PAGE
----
Foliage I shall talk about in the next question of how I worked with the foliage and made the different plants. The foliage does make up for a lot of floor space in certain areas of the environment to make it seem nature has reclaimed the house back. Looking at the original reference, you can tell that the owner of the house was perhaps into hunting game, and as you can clearly see that was a huge challenge because it required me to model a deer head. It was a lot more difficult than I had thought as I haven’t done much animal sculpting but I had to tackle it one way or the other. I had to have it in my environment.
I also added a hunting shotgun on an old driftwood rack, which was an original idea by myself and only further adding to the theme and personality of the people who lived in that house. The deer head had to be sculpted first in Zbrush, from Zspheres and then slowly getting the forms down which was also very tricky as it took me quite a while just to get the basic shapes right. Then moving on to the models eyes, mouth, nose and eye socket areas. The antlers were also made with Zspheres.
And the final render in Zbrush of the high poly model upclose. Afterwards, the meshes are then retopoed in 3DS Max.
Rendered in Marmoset Toolbag.
Next, I will talk about the shotgun on the rotten driftwood mount. This was an important aspect as you enter the environment and in-between the two deer heads above one of the arches. I thought back to films like Evil Dead, I had this idea that if you’re going to have deer heads in this environment, you might want to show the weapon used to hunt them, portray it as trophy to reflect the character of dwellers that once lived in the environment. I think it provides a story.
The gun and the mount were both modeled in 3DS Max. The mount was done by using a reference of an old double barrel shotgun, mounted onto some driftwood. The driftwood I drew around using splines, then converted to edible poly. I then joined up the vertices and using the border, I extruded out the edge to thicken it out. The shoe horns are also done by spline modeling.
The guns meshes consist of mostly cylindrical, box and manual plane modeling. The oddly shaped gun butt was a little tricky because the shape curves in and out with some sharp edges. I think it took me about two tries to get the butt looking right because the guns body melts into that pointed shape in the middle of the butt. I mixed a cylinder with some manual modelling and then welding up bits here and there and moving vertices around to get the shape right.
After I unwrapped everything including the gun, I sent the models to Zbrush for detailing.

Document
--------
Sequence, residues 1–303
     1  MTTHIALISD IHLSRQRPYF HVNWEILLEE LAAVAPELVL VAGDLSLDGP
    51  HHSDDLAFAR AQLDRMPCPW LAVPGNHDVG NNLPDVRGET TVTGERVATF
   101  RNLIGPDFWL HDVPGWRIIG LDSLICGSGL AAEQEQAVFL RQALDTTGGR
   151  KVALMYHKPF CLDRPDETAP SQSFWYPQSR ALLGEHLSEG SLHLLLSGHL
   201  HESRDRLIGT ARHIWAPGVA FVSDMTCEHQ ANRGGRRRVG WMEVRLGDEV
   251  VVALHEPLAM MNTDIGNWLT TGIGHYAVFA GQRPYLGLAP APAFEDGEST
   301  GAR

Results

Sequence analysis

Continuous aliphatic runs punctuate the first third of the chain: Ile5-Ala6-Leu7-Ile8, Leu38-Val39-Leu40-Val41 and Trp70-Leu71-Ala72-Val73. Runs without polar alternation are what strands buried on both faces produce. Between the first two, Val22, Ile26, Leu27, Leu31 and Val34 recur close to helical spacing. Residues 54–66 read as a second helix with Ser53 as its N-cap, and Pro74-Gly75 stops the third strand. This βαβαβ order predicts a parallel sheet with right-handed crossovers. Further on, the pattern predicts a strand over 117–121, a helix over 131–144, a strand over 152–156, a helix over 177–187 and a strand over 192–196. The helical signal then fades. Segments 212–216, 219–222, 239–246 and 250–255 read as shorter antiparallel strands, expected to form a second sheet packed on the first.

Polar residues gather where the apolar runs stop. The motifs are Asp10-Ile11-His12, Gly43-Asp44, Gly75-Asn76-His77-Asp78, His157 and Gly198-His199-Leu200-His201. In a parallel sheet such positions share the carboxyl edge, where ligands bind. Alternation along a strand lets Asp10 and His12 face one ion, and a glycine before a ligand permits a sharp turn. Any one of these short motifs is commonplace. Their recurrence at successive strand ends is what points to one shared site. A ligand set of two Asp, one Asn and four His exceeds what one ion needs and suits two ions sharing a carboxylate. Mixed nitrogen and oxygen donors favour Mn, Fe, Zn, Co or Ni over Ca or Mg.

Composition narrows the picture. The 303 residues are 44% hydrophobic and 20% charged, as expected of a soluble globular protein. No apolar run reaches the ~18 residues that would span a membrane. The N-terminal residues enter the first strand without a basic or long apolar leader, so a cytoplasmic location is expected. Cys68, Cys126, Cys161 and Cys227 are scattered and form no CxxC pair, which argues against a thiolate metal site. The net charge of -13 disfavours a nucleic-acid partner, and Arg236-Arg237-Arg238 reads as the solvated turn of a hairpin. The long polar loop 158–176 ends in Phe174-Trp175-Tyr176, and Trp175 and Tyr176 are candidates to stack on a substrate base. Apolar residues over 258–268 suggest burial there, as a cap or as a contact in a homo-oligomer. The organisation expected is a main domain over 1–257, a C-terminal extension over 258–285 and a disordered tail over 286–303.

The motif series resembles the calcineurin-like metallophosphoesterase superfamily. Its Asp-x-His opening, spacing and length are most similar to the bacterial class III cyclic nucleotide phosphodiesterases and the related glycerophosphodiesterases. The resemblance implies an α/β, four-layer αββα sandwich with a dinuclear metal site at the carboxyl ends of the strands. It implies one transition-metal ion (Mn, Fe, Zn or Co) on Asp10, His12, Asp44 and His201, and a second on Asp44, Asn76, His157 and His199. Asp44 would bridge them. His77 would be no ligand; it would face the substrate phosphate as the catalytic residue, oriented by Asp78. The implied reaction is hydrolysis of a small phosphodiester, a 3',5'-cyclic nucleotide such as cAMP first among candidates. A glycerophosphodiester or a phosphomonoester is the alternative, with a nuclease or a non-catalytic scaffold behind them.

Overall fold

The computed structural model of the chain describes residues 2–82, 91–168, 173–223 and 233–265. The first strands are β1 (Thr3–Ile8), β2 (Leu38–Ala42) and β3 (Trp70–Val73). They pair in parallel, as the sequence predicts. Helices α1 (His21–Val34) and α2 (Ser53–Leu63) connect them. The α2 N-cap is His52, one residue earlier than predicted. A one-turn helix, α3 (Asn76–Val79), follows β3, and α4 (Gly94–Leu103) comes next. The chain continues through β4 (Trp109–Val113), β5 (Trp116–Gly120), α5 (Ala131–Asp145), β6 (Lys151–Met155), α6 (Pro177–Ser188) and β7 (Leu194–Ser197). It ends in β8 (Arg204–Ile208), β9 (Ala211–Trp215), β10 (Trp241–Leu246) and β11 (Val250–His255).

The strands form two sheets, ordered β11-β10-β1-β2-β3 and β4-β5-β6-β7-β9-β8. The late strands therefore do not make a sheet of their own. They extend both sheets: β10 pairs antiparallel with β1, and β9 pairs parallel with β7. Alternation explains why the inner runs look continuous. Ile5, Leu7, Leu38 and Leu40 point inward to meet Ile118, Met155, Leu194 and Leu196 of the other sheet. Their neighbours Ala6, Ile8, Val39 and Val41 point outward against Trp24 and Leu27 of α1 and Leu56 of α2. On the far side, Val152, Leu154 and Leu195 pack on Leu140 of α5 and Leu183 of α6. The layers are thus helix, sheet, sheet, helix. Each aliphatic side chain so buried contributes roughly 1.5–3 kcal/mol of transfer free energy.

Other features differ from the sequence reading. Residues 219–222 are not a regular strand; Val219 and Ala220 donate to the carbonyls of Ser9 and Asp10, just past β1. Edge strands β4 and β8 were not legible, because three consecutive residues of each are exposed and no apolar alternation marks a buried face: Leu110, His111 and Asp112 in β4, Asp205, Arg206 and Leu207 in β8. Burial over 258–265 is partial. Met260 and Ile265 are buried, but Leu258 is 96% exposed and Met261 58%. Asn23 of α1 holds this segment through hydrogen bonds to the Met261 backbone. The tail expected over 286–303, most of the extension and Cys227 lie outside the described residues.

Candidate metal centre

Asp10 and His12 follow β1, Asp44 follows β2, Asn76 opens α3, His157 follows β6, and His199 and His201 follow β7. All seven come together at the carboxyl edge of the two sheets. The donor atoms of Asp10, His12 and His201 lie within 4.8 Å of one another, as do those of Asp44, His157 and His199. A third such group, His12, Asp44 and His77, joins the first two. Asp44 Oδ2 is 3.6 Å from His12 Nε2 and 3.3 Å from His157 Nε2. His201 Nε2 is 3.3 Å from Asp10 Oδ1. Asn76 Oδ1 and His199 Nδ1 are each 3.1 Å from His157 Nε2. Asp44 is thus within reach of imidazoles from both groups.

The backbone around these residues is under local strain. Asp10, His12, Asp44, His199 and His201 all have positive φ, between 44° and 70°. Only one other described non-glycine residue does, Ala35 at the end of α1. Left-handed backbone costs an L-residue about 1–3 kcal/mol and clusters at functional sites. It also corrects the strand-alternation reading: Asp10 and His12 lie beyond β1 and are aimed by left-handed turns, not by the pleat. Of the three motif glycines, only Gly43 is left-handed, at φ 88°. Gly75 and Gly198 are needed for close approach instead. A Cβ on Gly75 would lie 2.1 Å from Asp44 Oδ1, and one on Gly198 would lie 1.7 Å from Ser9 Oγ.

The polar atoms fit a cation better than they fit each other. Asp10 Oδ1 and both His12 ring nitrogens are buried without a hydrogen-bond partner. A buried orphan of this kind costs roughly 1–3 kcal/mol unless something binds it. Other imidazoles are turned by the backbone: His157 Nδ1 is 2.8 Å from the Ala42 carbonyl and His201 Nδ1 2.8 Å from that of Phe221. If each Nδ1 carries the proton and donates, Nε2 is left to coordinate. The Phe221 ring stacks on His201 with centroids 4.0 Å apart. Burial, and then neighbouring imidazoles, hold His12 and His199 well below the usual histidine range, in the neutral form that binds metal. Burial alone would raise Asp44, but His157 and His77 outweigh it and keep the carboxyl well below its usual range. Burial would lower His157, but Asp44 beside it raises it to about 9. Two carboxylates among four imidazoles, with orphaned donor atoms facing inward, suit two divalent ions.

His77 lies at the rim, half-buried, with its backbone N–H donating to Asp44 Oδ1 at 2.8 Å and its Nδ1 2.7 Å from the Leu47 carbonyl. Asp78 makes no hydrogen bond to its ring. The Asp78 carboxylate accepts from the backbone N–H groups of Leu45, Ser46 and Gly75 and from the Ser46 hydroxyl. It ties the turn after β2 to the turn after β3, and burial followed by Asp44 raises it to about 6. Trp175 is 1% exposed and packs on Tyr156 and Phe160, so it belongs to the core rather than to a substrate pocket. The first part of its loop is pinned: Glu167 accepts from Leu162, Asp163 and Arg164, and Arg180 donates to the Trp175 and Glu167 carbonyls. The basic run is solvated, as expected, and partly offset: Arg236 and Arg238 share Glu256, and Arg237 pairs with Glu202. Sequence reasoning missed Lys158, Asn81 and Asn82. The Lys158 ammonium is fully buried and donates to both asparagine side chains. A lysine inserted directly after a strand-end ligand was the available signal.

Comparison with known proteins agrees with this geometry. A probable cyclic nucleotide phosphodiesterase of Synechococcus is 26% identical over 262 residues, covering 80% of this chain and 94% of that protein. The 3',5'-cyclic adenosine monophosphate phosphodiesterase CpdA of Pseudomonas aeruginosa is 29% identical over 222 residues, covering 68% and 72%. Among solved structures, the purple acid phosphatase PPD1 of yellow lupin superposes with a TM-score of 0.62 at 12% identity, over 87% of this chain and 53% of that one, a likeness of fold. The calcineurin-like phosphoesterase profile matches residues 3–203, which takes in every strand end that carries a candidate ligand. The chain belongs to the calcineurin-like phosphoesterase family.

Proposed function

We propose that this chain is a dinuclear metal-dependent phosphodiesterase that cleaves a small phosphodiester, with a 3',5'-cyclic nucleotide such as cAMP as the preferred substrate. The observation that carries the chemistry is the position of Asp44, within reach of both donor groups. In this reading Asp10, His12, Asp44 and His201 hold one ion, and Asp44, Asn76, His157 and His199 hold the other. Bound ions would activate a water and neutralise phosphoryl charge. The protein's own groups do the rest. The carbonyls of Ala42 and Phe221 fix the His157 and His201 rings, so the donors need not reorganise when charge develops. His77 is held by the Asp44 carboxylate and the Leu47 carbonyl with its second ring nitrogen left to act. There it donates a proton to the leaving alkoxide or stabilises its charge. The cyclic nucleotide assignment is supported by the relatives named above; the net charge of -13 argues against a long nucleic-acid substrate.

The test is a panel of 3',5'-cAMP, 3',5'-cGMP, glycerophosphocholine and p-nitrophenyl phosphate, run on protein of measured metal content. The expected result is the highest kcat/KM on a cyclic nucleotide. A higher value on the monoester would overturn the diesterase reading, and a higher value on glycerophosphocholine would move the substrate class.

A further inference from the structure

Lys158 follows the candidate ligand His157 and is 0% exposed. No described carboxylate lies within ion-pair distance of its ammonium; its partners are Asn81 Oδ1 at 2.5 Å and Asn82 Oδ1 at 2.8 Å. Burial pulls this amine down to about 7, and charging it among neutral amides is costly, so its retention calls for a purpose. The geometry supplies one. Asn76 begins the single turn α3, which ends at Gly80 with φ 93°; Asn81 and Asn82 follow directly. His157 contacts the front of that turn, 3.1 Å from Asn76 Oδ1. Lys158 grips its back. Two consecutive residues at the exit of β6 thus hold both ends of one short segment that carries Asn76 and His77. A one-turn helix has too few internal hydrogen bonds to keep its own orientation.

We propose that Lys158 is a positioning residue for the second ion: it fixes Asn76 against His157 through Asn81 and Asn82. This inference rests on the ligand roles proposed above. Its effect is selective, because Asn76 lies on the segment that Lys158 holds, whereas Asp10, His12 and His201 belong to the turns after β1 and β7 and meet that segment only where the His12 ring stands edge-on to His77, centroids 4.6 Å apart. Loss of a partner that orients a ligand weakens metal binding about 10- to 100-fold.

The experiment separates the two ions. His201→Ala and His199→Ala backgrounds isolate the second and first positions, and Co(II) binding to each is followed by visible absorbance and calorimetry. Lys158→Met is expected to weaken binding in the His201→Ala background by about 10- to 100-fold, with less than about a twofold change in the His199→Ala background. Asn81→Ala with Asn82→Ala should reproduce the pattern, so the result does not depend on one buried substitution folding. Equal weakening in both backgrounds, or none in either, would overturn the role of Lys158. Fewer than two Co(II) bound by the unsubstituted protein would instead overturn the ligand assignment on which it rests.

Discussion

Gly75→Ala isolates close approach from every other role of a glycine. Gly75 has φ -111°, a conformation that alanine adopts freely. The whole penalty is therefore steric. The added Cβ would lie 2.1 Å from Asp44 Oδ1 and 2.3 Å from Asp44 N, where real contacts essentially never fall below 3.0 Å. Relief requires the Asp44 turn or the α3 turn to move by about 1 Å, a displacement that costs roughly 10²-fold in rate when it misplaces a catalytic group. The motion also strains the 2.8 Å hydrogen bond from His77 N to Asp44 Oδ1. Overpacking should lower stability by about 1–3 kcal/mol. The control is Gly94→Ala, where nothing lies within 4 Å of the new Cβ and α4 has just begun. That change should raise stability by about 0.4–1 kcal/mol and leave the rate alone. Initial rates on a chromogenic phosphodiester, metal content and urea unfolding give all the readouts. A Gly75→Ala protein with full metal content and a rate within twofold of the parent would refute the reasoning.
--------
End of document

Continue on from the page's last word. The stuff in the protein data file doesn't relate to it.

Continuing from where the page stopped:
I shall briefly discuss the furniture of this environment that I have made particularly the Piano, Piano Stool, Chesterfield Chair and the Jacobean table. These are all quite detailed pieces of furniture that add style and substance to the environment. There is also a guitar, which is reference to Ellie from Last of Us 2 trailer.
Originally I wanted a grand piano, where the final piano is right now, however, I felt that it was going to be way too big and wouldn’t meld with the environment so I went with this Piano.
I felt that this was a really nice looking Piano and it had some really nice alphas I could make in Photoshop for Zbrush. The white keys was a simple box that I made and I made some high poly keys in 3DS Max to bake down on to the box so it would keep the Piano lower in polygons. Whilst, the black keys were very low poly box modelled keys. Most of the piano is box modelled and had details done in zbrush like scratches, scuffs and patterns which were made in Photoshop for alphas. I used projection master to drag these out.
The Piano stools legs are modelled with a rough block out, sculpted in ZBrush and then sent back to 3DS Max for retopology. Sometimes I find this workflow easier to do that trying to model some organic in Max first. I used some of the built in alphas and dam standard to detail the legs and middle section. The beads are quite simple to do as well, using radial symmetry (mesh had its pivot centred before export) and dragging out on the Y axis, creating multiple beads using an alpha. I used the standard brush to create some folds and droops in the leather.
The Chesterfield chair and Old English Jacobean table were modeled in 3DS Max from reference, then taken into Zbrush for detailing. All the furniture is modeled in a similar workflow. Not too much retopology is required for these pieces of furniture as were baking to hard surfaces. The Chesterfield sofa required some manual shapes to be created using a plane and extruding/welding. The chair was retopologized to get the forms in the low poly and get nice clean bakes. The Jacobean table is a completely modular model. The drawers, legs, supports, and panels are all the same UV’s. The top is not split though; just either side of the table is a modular kit as are the drawers.